Section: Editorial

Staff editorial: Kenyon should cancel classes this Election Day

In what is arguably the most momentous election in recent years, we at the Collegian are pleased to see that the College and its student organizations have both taken additional measures to help students register to vote. This represents a significant improvement from last semester, when dozens of students had to rush to register after CSAD botched the registration process. However, simply helping to register voters is not enough. If the College truly wants students to vote, it should do everything in its power to make voting as accessible as possible. To this end, Kenyon should cancel all classes this Election Day, Tuesday, Nov. 3. 

Even when Kenyon students register to vote, it has not always translated into action — in 2016, around 85% of students were registered to vote and only about 42% actually voted. Cancelling class on Election Day, among other concrete measures by the College, would help to close this gap. 

It is no secret that voters across the country must overcome various challenges in order to cast their ballots this election cycle. The USPS is stifled by a lack of funding, making it unable to accommodate the increased number of mail-in ballots amid the COVID-19 pandemic. This is in addition to the nation’s long history of voter disenfranchisement, especially among Black voters. With all of these hurdles, voters have a lot more on their minds than simply who they are voting for this cycle. For Kenyon students, balancing their academic responsibilities with getting to the polls shouldn’t be added to this list.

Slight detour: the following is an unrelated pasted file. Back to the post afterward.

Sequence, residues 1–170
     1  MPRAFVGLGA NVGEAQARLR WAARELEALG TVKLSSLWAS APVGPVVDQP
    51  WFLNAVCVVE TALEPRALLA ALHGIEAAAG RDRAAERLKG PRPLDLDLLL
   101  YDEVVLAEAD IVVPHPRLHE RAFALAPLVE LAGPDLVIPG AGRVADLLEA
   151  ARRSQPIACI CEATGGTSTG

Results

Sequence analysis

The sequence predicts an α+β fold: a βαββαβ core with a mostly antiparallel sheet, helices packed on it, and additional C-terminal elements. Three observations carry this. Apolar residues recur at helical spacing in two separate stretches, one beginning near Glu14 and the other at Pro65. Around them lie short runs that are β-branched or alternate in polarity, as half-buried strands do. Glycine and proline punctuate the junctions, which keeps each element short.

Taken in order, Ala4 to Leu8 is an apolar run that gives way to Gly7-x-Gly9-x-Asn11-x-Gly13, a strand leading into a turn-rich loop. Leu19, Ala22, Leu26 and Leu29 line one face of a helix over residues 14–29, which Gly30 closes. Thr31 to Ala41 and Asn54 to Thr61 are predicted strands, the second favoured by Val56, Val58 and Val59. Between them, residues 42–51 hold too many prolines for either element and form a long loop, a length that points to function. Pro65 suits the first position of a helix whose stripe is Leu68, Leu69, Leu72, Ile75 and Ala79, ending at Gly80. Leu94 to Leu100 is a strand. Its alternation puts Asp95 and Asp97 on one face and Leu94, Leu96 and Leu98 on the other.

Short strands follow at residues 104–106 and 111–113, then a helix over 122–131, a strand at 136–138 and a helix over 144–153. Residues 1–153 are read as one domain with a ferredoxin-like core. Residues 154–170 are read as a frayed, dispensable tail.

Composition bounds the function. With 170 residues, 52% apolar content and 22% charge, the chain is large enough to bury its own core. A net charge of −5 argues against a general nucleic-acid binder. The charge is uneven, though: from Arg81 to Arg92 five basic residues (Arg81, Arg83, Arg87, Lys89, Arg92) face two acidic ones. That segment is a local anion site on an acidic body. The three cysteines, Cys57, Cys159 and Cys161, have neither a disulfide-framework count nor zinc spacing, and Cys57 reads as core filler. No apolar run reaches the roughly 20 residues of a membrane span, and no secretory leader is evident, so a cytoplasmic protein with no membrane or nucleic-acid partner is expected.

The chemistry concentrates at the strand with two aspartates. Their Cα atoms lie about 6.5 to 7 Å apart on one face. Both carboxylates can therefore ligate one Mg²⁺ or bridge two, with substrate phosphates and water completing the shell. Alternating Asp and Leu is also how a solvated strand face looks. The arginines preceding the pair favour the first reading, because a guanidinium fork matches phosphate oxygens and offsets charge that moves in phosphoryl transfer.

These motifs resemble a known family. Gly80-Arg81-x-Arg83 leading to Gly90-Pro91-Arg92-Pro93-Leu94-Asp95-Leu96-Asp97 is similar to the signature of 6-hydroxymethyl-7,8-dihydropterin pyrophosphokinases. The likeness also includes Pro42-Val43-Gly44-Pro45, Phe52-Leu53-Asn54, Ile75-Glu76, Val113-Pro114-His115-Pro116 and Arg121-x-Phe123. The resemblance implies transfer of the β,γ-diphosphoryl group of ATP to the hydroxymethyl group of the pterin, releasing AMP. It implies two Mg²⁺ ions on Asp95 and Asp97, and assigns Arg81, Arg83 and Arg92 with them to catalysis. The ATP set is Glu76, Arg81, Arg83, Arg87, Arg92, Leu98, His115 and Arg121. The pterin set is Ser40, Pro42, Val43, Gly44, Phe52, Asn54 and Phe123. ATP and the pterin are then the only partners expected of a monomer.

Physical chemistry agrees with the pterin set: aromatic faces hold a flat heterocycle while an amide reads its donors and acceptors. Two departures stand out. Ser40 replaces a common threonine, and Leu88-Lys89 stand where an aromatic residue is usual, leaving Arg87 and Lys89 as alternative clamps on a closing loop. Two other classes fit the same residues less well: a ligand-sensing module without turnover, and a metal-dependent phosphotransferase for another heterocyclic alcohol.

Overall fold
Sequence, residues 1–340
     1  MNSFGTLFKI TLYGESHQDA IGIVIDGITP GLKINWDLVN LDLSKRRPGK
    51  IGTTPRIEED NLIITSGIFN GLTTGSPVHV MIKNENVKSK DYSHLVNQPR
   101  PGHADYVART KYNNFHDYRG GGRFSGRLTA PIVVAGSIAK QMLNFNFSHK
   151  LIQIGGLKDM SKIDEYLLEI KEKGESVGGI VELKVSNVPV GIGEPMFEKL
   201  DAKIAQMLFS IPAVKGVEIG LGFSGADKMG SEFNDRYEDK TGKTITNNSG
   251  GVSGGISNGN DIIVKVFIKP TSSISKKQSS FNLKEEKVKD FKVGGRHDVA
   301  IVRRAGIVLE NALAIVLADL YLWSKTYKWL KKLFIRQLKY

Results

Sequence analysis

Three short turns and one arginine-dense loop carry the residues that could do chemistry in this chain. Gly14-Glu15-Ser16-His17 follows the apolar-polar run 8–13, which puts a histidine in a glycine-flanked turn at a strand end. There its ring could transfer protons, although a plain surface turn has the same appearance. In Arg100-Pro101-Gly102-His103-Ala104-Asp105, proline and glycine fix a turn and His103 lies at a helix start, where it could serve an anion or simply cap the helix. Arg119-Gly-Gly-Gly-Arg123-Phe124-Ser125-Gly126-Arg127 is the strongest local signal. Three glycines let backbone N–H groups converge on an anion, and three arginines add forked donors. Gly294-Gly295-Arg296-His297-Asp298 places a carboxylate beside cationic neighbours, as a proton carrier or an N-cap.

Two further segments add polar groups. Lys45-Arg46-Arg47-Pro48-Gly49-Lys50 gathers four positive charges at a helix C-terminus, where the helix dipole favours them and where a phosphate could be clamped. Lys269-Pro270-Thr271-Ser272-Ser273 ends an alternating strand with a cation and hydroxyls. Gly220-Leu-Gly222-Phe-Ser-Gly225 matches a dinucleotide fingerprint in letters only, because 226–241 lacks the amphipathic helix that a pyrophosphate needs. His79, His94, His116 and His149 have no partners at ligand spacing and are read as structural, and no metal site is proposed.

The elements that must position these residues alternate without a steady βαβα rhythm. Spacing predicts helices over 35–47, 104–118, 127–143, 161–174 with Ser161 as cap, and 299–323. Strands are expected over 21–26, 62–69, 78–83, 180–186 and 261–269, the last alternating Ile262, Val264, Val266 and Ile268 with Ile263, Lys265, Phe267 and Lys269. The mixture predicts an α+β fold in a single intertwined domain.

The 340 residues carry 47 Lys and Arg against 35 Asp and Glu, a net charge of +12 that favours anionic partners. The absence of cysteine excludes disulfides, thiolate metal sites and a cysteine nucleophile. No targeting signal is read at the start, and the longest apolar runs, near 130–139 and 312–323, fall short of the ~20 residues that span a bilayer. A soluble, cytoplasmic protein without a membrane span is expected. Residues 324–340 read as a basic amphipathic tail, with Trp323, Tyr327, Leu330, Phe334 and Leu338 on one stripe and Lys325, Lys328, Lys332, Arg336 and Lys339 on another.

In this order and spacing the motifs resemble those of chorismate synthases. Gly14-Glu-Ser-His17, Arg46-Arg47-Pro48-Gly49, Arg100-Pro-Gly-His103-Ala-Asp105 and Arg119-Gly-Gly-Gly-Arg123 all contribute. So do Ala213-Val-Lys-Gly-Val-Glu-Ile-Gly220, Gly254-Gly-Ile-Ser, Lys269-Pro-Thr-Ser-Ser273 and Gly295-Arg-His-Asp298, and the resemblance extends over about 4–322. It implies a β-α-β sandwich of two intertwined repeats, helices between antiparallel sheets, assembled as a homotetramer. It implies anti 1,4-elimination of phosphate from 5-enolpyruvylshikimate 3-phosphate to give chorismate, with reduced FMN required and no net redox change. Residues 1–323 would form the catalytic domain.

Cancelling class on Election Day is also in the community’s best interest. Not only will it allow students to prioritize voting, but it will also allow faculty to do the same. It would also have health and safety benefits. Typically, the Gambier Community Center is flooded with voters at peak hours, especially before dinner, in between classes and during Common Hour. Cancelling classes would limit this congestion and thus help maintain social distancing. Additionally, poll workers tend to be some of Kenyon’s more elderly community members, including several professors. Since seniors are considered a high-risk group for COVID-19, there has been an increased demand for young people to work the polls. If Kenyon were to cancel classes, more students would be able to do this important job, taking the burden off of older community members. 

Just as employees burdened with work responsibilities have trouble getting to the polls every Election Day, so too do students overwhelmed with academic responsibilities. We hope that Kenyon will continue their efforts to help students and faculty participate in this extremely important election by giving them the time and space to vote safely. 


The staff editorial is written weekly by editors-in-chief Mae Hunt ’21 and Evey Weisblat ’21, managing editor Sophie Krichevsky ’21 and executive director Elizabeth Stanley ’21. You can contact them at,, and, respectively.


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